When the corporate world started working remotely, there was a euphoria around working from home. But that soon faded due to factors like increased stress, zoom fatigue, decreasing productivity, less work-life balance and inability to form personal relationships with colleagues. Although some organizations and employees have switched to permanent remote work post-pandemic, some are still contemplating to bring employees back into office or switching to a hybrid model. One of the major concerns of employers in remote work seems to be the lack of opportunities to build personal relationships with team members. However, with virtual team building becoming popular, smaller organizations are leaning towards a fully remote set-up to save costs. Larger organizations on the other hand are opting for a hybrid set-up or fully in-office teams.
Virtual team building activities have been the lifeline of sustaining team bonds during the pandemic. Ultimately, each work model has its own advantages and disadvantages. Regardless of which model has been chosen, virtual way of doing things is here to stay. Video calls with team members, regular video check-ins, client video calls etc have become a norm. But that does not undermine the importance of in-person meetings. Sometimes it might be inevitable to have a face to face meeting. Although not comprehensive, here is a quick analysis on what organizations should consider while choosing whether to go for a virtual meeting or a face to face meeting:
When to choose a virtual meet up?
With advancements in technology, virtual meet-ups have become an increasingly convenient, cost saving and time saving alternative. While virtual meet-ups are a clear winner when costs and time are considered, they may not be the best choice when critical decision making, team building, and creative thinking is needed. Virtual meet-ups do not facilitate personal interactions and dynamic exchange of ideas. And technology does not necessarily come without interruptions. An important meeting might be disrupted if there is a poor network connection or a power outage. But virtual meetings have been the saviour during the pandemic. They were much needed to keep things working normally.
Virtual meetings are also great to receive unbiased feedback. Executives may be apprehensive that virtual meetings do not facilitate honest interactions. But for introverted team members, virtual meetings are a great opportunity to share unbiased feedback. With the use of technological tools in virtual meetings, team members can vote anonymously to share feedback.
Virtual meetings are also great when large teams need to collaborate and brainstorm. Organizing a face to face meet up for large teams can be exhausting and everyone might not have the opportunity to share their ideas. In contrast, virtual meetings can be organized with teams of any size, and everyone can participate in brainstorming by using break out rooms.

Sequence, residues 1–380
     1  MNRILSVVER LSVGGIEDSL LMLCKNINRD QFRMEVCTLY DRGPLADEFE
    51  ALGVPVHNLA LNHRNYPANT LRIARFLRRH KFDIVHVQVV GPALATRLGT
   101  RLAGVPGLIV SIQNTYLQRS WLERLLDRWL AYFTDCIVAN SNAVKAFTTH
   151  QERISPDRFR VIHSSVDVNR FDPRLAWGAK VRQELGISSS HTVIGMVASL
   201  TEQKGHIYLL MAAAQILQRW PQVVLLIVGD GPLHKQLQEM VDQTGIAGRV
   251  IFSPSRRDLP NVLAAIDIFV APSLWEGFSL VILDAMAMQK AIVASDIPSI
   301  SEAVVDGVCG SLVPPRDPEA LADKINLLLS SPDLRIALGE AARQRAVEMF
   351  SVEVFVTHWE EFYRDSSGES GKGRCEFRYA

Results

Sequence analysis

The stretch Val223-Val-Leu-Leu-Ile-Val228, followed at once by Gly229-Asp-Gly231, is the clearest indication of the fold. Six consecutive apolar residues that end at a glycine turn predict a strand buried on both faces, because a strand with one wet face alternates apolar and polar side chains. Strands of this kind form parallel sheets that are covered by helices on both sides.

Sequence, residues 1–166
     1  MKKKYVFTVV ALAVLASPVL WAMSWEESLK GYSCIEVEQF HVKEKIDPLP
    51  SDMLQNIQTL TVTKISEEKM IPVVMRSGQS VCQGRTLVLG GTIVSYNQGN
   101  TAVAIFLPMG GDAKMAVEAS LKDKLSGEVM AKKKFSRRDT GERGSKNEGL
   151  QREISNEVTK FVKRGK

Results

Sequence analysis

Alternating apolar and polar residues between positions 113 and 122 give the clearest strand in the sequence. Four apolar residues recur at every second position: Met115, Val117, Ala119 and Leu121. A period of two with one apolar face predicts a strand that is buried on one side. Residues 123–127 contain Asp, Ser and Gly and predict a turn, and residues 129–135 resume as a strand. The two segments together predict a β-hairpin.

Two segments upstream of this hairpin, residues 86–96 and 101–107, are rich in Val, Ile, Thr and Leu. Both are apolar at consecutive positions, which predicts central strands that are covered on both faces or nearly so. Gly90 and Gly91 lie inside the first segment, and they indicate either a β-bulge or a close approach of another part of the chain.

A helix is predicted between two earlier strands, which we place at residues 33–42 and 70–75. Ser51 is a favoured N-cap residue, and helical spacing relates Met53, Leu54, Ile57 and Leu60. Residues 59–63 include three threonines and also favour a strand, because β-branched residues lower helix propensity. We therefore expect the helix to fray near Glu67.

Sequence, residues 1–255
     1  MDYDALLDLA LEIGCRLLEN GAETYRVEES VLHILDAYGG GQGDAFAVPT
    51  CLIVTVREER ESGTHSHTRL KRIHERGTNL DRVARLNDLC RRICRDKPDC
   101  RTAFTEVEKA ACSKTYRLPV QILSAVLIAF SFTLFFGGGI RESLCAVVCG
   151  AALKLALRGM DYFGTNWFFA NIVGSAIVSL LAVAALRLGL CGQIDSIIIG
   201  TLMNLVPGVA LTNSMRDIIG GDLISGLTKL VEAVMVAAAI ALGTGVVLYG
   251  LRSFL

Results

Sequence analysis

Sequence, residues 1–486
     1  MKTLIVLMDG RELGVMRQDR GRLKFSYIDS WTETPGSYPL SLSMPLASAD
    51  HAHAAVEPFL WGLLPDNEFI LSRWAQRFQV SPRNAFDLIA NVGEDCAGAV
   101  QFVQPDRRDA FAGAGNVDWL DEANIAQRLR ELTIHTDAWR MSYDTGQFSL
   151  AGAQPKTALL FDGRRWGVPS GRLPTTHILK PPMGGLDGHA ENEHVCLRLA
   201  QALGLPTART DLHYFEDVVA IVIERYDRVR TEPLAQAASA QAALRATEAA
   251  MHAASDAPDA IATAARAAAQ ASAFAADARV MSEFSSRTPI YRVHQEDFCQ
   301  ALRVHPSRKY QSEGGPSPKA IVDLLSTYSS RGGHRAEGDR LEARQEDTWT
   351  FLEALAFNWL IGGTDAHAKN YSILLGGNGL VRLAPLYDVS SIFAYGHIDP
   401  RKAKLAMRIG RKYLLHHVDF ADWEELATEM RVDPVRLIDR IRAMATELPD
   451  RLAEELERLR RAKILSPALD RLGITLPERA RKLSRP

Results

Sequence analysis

In a nutshell, virtual meetings are best when there are large teams distributed in various geographic locations, when regular check-ins need to be done, when time and cost saving is a priority, when unbiased feedback is solicited, and when large teams need to brainstorm together.
When to choose a Face-to-Face meet up?
Face-to-Face meet ups are surely more time consuming, expensive, and effort taking. To organize a face to face meeting for large teams, it not only involves many calendar months of planning but also many dollars spent on logistics. However, face to face meetings are great for building personal relationships, strengthening team communication, and for building trust.
Face-to-Face meet ups also create a sense of camaraderie among team members and in person interactions allow for a smooth sharing of ideas. According to research by Great Business School, 84% of the executives are preferring to opt for a face to face meeting post pandemic. Research has also shown the face to face meetings can be more focused, productive and can generate more ideas than virtual meetings.
Face-to-Face meet ups have also been considered important due to the use of non-verbal cues in communication such as body language. For example, a handshake can set the tone for further interactions during a meeting. Also, while networking with ethnically diverse clients or teams, in person meetings can be the foundation to build a strong relationship.
Other scenarios where in person meetings are extremely important are negotiating contracts, meeting important clients, onboarding for senior roles, or celebrating milestones. To conclude, in person meetings should be preferred when the matter at hand is of significant important and when forming a strong relationship is crucial.
While each one has it’s own advantages and disadvantages, choosing one of the two depends on multiple factors within your organization like The size of your team, purpose of the meeting, your organizational culture, and the rapport executives share with teams. No organization can completely rule out one over the other.